Asia report: Markets recover from brutal Thursday sell-off
Battered and bruised after across the board losses on Thursday, Asian markets recovered modestly on Friday and avoided the influence of Wall Street, where stocks had remained volatile overnight.
Japan’s Nikkei 225 was up by 0.46% at 22,694.66 as the retail, fishery and transport sectors drove growth, while the yen dropped by 0.12% against the dollar to JPY112.30.
SUMCO, Yaskawa Electric and Taiyo Yuden were the top risers, each jumping by more than 5% as buying in manufacturers with Chinese exposure was buoyed by gains in Chinese equities on upbeat export data.
China’s Shanghai Composite climbed by 0.91% to 2,606.91, while the tech-heavy Shenzhen Composite crept up by 0.19% to 1,296.36 as new data showed better-than-expected growth in Chinese exports which helped to ease investor concerns about the damage to China’s economy from its trade war with Washington.
Such was the significance of the export data that it appeared to alleviate concerns even as US President Donald Trump voiced further threats of action against Beijing, stating that he could do "a lot more" to hurt the country's economy.
However, according to officials from both countries, Trump will meet China’s President Xi Jinping at the G20 summit in Argentina next month in an effort to ease tensions, but some remain pessimistic.
“With global growth likely to cool further in the coming quarters and US tariffs set to become more punishing, the recent resilience of exports is unlikely to be sustained […] meanwhile, with policy easing unlikely to put floor beneath domestic economic activity until the middle of next year, import growth is set to slow further,” Capital Economics said.
Hong Kong’s Hang Seng Index jumped by 2.12% to 25,801.49 as social media and gaming giant Tencent recovered from a record 10 successive negative sessions to post an 8% jump on Friday.
“The likes of Tencent are liquid, so they recover more quickly. The mid- and low- caps will be under more pressure. But in general, we’ve already had a lot of bearish news about tech, I don’t think there will be more to come,” a Hong Kong fund manager told Reuters.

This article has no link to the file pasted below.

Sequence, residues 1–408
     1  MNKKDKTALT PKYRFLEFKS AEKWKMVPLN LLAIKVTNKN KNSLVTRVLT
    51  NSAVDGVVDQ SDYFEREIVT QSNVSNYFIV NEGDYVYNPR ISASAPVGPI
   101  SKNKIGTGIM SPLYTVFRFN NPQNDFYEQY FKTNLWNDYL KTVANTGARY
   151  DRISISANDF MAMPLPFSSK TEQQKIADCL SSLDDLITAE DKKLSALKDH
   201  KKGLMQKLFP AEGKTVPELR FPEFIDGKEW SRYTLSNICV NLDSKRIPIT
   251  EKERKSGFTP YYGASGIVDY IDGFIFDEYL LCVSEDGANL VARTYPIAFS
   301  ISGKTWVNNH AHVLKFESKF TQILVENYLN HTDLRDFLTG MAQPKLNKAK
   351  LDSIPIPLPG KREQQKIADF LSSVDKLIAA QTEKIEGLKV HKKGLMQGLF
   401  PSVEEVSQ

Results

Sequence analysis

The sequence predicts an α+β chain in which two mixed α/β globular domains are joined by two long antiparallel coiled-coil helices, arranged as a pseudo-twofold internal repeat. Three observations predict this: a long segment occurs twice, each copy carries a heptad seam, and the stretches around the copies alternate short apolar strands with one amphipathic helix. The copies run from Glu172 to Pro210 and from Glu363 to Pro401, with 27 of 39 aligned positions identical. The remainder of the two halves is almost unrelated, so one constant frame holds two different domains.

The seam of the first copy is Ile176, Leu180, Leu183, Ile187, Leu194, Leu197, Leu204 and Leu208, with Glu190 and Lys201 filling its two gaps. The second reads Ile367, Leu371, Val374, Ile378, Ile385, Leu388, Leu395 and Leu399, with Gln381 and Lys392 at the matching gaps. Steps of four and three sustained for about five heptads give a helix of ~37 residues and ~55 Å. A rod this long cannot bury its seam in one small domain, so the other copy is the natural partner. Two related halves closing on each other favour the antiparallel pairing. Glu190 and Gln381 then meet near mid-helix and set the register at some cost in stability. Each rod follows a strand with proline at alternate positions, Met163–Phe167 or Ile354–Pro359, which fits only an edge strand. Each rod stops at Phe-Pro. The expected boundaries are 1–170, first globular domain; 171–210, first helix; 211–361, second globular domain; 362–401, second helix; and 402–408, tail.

Elsewhere, the biggest gainer on the index was microscope, lens and camera developer Sunny Optical Technology, which rose by almost 8% in Friday trading.
South Korea’s Kospi gained 1.51% to 2,161.85 ending its eight session losing-streak as shares of chipmaker SK Hynix advanced by almost 5% and fellow heavyweight Samsung tacked-on over 2%.
Meanwhile, the country’s financial services commission indicated that it is prepared to swiftly respond to stabilise markets if needed in the near future, expecting there will be no sharp foreign capital outflows from the local bond market.
Brent Crude was up by 0.29% at $80.49 and WTI climbed by 0.55% to reach $71.36.
The Australian S&P/ASX 200 was up by 0.20% at 5,895.67, a more muted performance than the rest of the region as the index was held back by its considerable leanings toward finance and energy.
CSL, BHP Billiton and A2 Milk led the way, with the latter scoring gains of over 6%.
This had little effect on the index as a whole as the country’s large financial institutions remained largely unenthused, with Commonwealth Bank of Australia and Westpac rising by under 1% and the other two members of the country’s ‘Big Four’ falling by under 1%.
New Zealand’s S&P/NZX 50 ended its nine-day losing streak as it increased by 1.40% to 8,843.24, with blue-chip stocks driving the fightback after Thursday saw the index’s fifth worst ever day of trading.
Meridian Energy, Spark New Zealand, Mercury NZ and Auckland International Airport had all racked up gains by the close of trading.
The Australian dollar was down 0.05% against the greenback at AU$1.40 and New Zealand’s dollar dropped by the same percentage to NZ$1.53.